Over a cup of coffee in Montreal, on a summer day in 1997, Professors Hamid Etemad, Peter Johnson, and Richard Wright of McGill’s Faculty of Management decided to explore a new phenomenon surrounding international entrepreneurship. At first, they didn’t have a definite name or popular acronym at their fingertips, but it struck an exciting note with all three of them.
One observed that smaller European companies had begun to see Europe as their backyard and an extension of their home markets. This was leading them to market their goods and services throughout the continent.
Another, with experience in the Peoples’ Republic of China and other Asian Tigers, noted that the firms in the growing nations of South and East Asia had been acting as original equipment manufacturers (OEM) and selling their products under global brands to large firms all over the world, especially in the industrialized markets of Europe and North America. These small firms had internationalized their sales without leaving home.
The third professor suggested that most of these OEM suppliers remained unknown to their ultimate customers. These small and medium sized enterprises (SMEs) – Canadian and Asian alike – had taken advantage of NAFTA to conquer larger markets, sometimes as OEM, and sometimes as Private Label suppliers.
Soon it was clear that these three were thinking of the phenomena of smaller companies with international scopes. These companies were becoming increasingly active in rapidly internationalizing markets either directly or indirectly through the larger, longer established (and sometimes global) firms. They were offering high levels of quality and value, and had become indispensable to their larger partners and counterparts. More importantly, the worldwide consumers welcomed their goods and services and were not concerned about their size.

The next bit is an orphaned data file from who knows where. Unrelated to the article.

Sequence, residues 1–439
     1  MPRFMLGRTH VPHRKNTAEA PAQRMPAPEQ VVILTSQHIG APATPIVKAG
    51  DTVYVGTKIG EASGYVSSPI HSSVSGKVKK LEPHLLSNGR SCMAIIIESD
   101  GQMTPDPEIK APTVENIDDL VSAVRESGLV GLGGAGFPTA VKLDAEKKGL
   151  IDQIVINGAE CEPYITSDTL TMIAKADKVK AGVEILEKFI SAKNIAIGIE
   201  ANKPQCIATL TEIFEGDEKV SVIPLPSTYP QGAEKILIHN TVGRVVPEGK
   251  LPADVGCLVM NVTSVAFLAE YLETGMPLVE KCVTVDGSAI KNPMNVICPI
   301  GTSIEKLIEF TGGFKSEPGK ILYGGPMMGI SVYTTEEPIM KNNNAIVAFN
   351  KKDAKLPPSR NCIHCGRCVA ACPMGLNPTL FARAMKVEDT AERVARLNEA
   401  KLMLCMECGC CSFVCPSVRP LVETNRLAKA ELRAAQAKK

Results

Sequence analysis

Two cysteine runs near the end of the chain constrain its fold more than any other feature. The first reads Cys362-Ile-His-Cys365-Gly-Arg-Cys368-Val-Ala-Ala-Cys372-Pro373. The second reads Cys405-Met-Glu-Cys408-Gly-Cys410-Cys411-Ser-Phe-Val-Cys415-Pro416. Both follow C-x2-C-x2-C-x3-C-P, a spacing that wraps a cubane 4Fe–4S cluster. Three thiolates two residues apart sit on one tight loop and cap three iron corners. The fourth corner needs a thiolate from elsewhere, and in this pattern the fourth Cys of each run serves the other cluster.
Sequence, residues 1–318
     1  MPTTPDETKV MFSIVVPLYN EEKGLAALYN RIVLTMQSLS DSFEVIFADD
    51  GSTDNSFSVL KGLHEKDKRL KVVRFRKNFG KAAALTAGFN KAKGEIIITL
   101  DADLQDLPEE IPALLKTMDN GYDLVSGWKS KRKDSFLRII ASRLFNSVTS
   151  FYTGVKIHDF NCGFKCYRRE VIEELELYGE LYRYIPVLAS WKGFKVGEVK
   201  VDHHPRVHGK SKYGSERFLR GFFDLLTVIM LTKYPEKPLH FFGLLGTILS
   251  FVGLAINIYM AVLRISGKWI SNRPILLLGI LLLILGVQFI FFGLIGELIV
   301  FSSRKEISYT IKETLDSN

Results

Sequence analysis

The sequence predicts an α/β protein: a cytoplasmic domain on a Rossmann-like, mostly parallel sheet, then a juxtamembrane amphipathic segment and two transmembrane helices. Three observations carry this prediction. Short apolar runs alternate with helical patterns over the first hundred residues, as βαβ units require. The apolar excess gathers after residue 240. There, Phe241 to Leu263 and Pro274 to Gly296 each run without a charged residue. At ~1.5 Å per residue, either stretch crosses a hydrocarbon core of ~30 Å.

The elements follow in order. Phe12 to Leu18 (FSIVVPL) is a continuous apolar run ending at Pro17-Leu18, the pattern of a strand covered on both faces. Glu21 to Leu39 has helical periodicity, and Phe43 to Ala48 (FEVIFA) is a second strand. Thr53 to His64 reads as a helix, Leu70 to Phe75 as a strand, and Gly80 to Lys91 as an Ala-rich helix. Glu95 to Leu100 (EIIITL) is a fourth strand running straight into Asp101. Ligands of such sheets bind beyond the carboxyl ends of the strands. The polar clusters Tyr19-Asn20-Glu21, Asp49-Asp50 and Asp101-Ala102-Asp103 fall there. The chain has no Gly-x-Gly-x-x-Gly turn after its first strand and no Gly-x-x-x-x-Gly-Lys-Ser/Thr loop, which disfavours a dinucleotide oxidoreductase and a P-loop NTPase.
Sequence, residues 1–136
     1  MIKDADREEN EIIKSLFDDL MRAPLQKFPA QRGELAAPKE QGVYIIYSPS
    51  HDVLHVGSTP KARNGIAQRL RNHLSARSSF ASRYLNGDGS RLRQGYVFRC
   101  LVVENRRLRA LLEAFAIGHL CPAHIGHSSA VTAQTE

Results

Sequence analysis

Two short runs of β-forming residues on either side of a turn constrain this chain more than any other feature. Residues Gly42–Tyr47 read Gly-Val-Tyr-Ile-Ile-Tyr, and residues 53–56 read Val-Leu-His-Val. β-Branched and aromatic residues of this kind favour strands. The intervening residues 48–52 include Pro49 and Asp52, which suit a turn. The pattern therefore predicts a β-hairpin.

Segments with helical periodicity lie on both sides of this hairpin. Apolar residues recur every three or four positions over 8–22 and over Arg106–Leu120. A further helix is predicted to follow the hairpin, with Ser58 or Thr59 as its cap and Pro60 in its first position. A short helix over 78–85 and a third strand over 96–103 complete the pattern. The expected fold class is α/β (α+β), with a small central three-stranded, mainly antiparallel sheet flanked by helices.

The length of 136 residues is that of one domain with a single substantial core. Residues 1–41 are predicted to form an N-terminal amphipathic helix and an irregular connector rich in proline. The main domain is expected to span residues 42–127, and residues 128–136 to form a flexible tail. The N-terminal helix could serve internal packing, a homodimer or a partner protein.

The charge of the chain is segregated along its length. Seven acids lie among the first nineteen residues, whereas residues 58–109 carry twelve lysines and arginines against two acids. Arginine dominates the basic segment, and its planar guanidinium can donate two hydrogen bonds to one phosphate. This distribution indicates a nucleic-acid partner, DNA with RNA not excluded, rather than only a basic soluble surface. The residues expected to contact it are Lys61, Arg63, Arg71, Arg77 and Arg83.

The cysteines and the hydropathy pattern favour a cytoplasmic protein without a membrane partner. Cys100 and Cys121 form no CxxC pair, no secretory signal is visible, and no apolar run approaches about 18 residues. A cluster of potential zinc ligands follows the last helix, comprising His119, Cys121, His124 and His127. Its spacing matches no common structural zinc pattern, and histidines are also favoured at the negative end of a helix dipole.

Smaller companies seemed to stand up to the competitive test of global markets with an equal chance of winning market share as their larger and, at times, lethargic counterparts, especially through the production and marketing of their advanced, high-tech products. This suggested that smaller companies were poised to march into the global markets that used to be the playgrounds of the multinationals.
With a rapidly developing theme on their hands, these professors needed to coin an appropriate name and establish other activities that would sustain their project, including research and an event for an initial meeting of minds. The most urgent issue – securing funding to support the related activities – seemed especially imposing.